The meta meta stuff is perhaps most successful in the regular segment "Beat Kids," a series of on the street interviews conducted by the "Wonder Showzen Kids," whose title is also a sly, "ironic," injunction ("Beat Kids" outtakes are also included in the DVD set as another extra that, like "Mish-mosh" doesn't add anything significant to the overall season). The "Beat Kids" segment in the "Body" episode places Evan Heins at a Miss Connecticut beauty pageant. As he surveys the goings on he muses about "How much [one contestant] had to puke to fit into that dress?" and opines "I think I know why the terrorists hate us." Heins queries one contestant: "Would you kick a pony in the face to end world hunger?" When the beauty says she would not, he retorts, "You'd let millions of people die to save one stupid pony from pain?" The contestant's befuddled face shows she knows she's trapped. There's no right answer here, and the "Beat Kids" segments demonstrate the often ridiculous rhetorical "options" in contemporary moral discourse.

This indictment is furthered in episodic themes. The episode "Knowledge," brought to us by "knowledge, Middle America, and one thing of corn," features a "Middle America" puppet that comes straight out of the last presidential election map. Middle America here is, naturally, red in color, has buck teeth, and speaks George W. Bush-ese. He's come to Wonder Showzen to "make some words" at the kids, and his commentary consists of variation on "Gip... gilp, hooey... and oh, yeah, Texas." That is at least until Middle America realizes the godless liberalism of the Wonder Showzen world, which he surmises to be a result of the denizens never having been "clipped."

Here Middle America literally castrates liberal dissent, and he takes over the show to produce more "appropriate" content. The result is "Horse Apples," a Hee-Haw-like sketch comedy show filled with white-trash humor and racist jokes ("I'm not racist; I've lynched some of my best friends!"). It's all just a little bit obvious (even if the "Beat Kids" segment that follows it, in which Heins interviews a group of middle-age Texan white guys who WS test marketed "Horse Apples" to and who liked it, is most excellent), and signals just where Season Two begins to spin out of control, or perhaps spiral down into its own smugness.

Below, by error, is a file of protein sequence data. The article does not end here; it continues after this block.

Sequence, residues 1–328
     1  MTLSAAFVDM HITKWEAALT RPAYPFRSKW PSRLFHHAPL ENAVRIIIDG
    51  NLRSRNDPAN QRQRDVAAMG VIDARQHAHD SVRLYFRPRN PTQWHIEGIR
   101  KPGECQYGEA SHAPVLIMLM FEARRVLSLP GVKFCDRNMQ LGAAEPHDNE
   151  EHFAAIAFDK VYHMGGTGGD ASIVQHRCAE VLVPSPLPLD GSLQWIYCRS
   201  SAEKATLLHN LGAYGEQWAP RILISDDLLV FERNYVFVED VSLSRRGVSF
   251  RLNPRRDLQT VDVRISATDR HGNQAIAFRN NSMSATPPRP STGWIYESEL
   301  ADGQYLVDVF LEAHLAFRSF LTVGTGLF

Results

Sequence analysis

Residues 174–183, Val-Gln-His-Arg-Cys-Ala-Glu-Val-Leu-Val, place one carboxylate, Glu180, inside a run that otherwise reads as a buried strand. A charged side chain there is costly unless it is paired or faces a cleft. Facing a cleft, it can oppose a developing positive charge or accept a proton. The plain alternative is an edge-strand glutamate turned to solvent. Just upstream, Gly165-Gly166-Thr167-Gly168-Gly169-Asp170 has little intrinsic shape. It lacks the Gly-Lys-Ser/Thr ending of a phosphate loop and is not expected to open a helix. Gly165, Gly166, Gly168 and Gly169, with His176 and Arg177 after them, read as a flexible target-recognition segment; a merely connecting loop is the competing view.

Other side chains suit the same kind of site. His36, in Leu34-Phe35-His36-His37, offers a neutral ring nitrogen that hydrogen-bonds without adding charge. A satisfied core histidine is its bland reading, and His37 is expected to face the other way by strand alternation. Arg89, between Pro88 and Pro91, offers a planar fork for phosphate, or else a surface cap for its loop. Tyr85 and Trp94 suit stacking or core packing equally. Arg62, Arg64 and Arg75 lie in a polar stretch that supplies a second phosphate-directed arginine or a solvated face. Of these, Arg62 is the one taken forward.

The last two episodes of the season finalize Wonder Showzen's descent into irrelevance. "Mathematics" is an entire episode of "Horse Apples." Okay, so the test-marketed Middle Americans "liked" some of the show-within-a-show, the critique of such ignorance and intolerance built into the first "Beat Kids" segment more than made the point. "Mathematics" offers no such framing, and a full 22 minutes of unrelenting hick shtick sediments WS's self-satisfied superiority.

The season finale, "The Clarence Special Report on Compelling Television," furthers Wonder Showzen's navel-gazing. Its structure is taken from a regular episodic short segment in which the blue hand puppet Clarence pesters people on the street to distraction and sometimes violence on a variety of topics; the shiftiness of notions of time on the arrival of the Chinese new year, the ethics of bootlegging WS rip-offs. For the finale the segment has been turned into an entire episode in which Clarence queries people about "What's wrong with TV?" and "Is quality TV possible?"

Yes, yes, we get it. Is Wonder Showzen quality TV? Or is it precisely what's wrong with TV, and from whose perspective? There's no single answer possible, even though WS intimates that in its "wit," we might discover "quality television." Consider the disc design: the main menu to disc two is set up like a warped version of the board game "Candyland." After some navigation, you reach a pot of gold at the end of the game. When you select the "prize," you are rewarded with a roughly 20 minute montage of swooping cameras and jump cuts from "Horse Apples," featuring the hillbilly characters guffawing and a-goo-goo-gooing. Worse, the disc locks out all skip, fast forward, or even stop functions. It's annoying, infuriating, and demonstrates exactly where Wonder Showzen: Season Two goes wrong. What starts out as critique of entertainment exploitation of children and U.S. cultural shibboleths ends as mere anti-PC masturbation.